Ok, I transferred the above semantic net to a PNG using DOT (GraphViz). Click on it to see the larger-size diagram. Here's the explanation.
Things start with the User that requests something from the Controller. The Controller in turn either makes a call to the Model or sends a usage violation to the Log (note, in cases where the eventual UI is going to be a web-based view this will need to capture things like client IP address, etc.). Now, the Model in turn calls the DBAccessor. Why not just call the DBAccessor directly? Because this design first has to assess what DB you want to access (Oracle, PostgreSQL, etc.) and there may be different DBAccessors depending upon the particular database type based on a configuration setting. Now, the DBAccessor does its SQL thing which isn't very interesting except for the usage of a DB Monitor. The DB Monitor checks the Group settings for each database access request and verifies that the original User is a member of those groups. If not, the records not accessible to the User making the request should not be made available.
Now things get tricky because lots of LIMS models go right on ahead and modify the SQL to reduce the return dataset according to the presence (or lack thereof) of the user in that group list. The problem with this model is that you cannot easily track access violations. Let's say User A is a member of RAWMATERIALS and User B is in the group FINISHEDPRODUCTS. If User A tries to access a record that belongs to FINISHEDPRODUCTS the default behavior should be to log the access request error. Proper logging should include what was being accessed and when the access violation occurred and by which user account. This can result in quite a bit of access violation logging so some kind of summarizing setting would have to be made available. For instance, one method would be to only enter a single line no matter how many records were being violated per transaction. If you simply add a WHERE clause to restrict the data in a SQL statement then the dataset you get back from the database will not normally tell you that an access violation occurred unless you ran the SQL twice and compared the results somehow.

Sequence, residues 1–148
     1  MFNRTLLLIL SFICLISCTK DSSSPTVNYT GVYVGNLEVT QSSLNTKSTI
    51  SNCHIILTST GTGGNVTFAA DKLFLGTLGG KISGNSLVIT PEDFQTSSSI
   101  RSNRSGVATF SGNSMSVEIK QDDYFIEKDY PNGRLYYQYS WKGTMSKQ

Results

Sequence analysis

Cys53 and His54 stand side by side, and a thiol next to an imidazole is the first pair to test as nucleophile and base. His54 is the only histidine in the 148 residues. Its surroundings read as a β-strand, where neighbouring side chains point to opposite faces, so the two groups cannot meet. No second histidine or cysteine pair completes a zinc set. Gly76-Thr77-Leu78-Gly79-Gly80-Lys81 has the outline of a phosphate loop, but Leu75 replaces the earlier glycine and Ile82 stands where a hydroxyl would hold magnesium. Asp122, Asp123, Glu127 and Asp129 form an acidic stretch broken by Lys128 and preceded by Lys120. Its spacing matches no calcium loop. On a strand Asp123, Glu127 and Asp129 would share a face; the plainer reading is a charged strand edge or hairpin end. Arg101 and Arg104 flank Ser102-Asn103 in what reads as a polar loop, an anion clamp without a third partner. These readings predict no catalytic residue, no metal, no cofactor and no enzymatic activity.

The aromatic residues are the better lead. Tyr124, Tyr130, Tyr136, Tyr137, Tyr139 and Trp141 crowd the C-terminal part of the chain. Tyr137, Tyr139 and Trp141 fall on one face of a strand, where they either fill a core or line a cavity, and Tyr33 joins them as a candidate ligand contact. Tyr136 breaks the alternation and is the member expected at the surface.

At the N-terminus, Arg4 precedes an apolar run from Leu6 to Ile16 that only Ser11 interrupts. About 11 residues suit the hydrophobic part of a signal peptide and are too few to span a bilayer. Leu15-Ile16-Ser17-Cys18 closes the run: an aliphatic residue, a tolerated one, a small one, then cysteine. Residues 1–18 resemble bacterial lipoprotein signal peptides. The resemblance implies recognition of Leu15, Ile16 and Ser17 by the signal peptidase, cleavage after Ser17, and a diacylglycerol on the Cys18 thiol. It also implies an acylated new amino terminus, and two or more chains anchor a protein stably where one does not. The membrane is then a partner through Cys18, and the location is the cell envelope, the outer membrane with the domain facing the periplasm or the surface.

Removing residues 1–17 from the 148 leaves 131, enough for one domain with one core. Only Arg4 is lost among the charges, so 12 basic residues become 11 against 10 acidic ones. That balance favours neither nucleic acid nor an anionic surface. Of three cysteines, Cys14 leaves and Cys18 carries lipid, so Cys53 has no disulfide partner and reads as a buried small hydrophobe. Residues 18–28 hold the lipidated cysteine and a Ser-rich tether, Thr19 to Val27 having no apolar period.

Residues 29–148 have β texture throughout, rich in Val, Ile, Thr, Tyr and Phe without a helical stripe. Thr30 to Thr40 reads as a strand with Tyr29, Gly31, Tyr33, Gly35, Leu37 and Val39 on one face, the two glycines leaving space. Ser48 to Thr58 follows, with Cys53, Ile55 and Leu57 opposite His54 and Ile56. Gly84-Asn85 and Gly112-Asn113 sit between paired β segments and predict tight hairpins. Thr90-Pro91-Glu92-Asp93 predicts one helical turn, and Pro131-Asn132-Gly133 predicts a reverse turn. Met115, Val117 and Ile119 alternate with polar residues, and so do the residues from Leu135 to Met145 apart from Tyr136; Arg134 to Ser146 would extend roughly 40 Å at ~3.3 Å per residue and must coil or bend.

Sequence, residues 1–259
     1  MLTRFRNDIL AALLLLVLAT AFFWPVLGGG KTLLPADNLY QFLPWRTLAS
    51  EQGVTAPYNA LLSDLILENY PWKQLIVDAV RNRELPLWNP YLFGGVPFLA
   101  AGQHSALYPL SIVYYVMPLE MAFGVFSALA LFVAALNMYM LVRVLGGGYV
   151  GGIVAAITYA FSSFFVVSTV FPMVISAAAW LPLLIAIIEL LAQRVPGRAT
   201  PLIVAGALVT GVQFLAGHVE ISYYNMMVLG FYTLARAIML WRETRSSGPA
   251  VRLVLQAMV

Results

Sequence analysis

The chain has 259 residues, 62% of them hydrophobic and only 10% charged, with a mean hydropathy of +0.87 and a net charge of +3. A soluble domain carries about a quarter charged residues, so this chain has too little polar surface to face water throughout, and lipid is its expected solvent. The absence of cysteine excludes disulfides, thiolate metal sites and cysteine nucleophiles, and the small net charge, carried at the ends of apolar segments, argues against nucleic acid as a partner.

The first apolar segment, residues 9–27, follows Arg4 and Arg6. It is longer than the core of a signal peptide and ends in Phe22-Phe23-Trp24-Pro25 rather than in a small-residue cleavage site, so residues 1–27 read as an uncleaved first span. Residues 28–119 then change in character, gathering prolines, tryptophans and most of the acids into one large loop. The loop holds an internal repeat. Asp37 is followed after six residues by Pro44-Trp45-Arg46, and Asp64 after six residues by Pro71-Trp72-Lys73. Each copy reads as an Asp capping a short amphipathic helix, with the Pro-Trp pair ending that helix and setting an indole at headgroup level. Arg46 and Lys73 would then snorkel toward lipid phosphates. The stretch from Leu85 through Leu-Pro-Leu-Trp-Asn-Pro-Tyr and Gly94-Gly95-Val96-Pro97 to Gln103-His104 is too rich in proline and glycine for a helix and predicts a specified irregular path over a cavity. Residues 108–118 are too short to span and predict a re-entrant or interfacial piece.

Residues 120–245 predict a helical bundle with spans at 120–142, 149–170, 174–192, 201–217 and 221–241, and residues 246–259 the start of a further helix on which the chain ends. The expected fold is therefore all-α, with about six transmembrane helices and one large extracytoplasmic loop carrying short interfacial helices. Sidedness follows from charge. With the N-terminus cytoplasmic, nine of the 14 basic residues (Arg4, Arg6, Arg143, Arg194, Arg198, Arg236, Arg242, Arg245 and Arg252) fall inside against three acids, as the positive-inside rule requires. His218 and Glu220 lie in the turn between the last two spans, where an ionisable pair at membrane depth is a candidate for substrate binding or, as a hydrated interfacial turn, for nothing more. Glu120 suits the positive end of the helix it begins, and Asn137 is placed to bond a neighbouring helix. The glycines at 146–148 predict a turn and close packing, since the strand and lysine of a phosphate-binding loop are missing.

The proposed solution here is to accommodate both styles of operation based on a configuration item. In some environments the default, higher-security method will be preferable with all of the access violation logging and in lower-security environments simply modifying the SQL to restrict the return dataset will work and perhaps perform better.
None of this covers multi-table transactions, of course. This is basically for CRUD, create/read/update/delete for single table operations. The more comprehensive stuff will come later.
Back to the semantic diagram. Once the Model is done with the DB Accessor it pushes the results to the View which is accessible by the User. All this presumes that a User is configured with Groups and Roles before any of this takes place. Roles are data that specifies what operations the User is allowed to perform. Obviously these settings would include yes/no configuration data to allow/deny CRUD operations against named tables. So User A could have read and update privileges for Table X but no create and deletion privileges for instance. All this gets complicated when we look toward archiving data. There the permissions change to solid denials for everything -- no CUD, only Read and only for data that matches group settings.
Oh yes, I have a growing bias toward moving away from database-centric models. Much more of the access permissions should involve the object model that represents the 'database' rather than literal descriptions of tables/fields in the database. Essentially this means that there probably shouldn't be a 1:1 relationship between access permissions and physical tables in the background. We'll see if that flies under testing. The eventual goal is to give you the opportunity to change field names on a whim without having to fear breaking code.
Next step is to do some sequence diagrams to analyze my CRC (class responsibility collaboration) cards.Go Back
Citation: Tech: Semantic DB for Low Level LIMS Operations. (2013). Retrieved Wed Mar 22 22:13:13 2017, from http://www.limsexpert.com/cgi-bin/bixchange/bixchange.cgi?pom=limsexpert3;iid=readMore;go=1378252220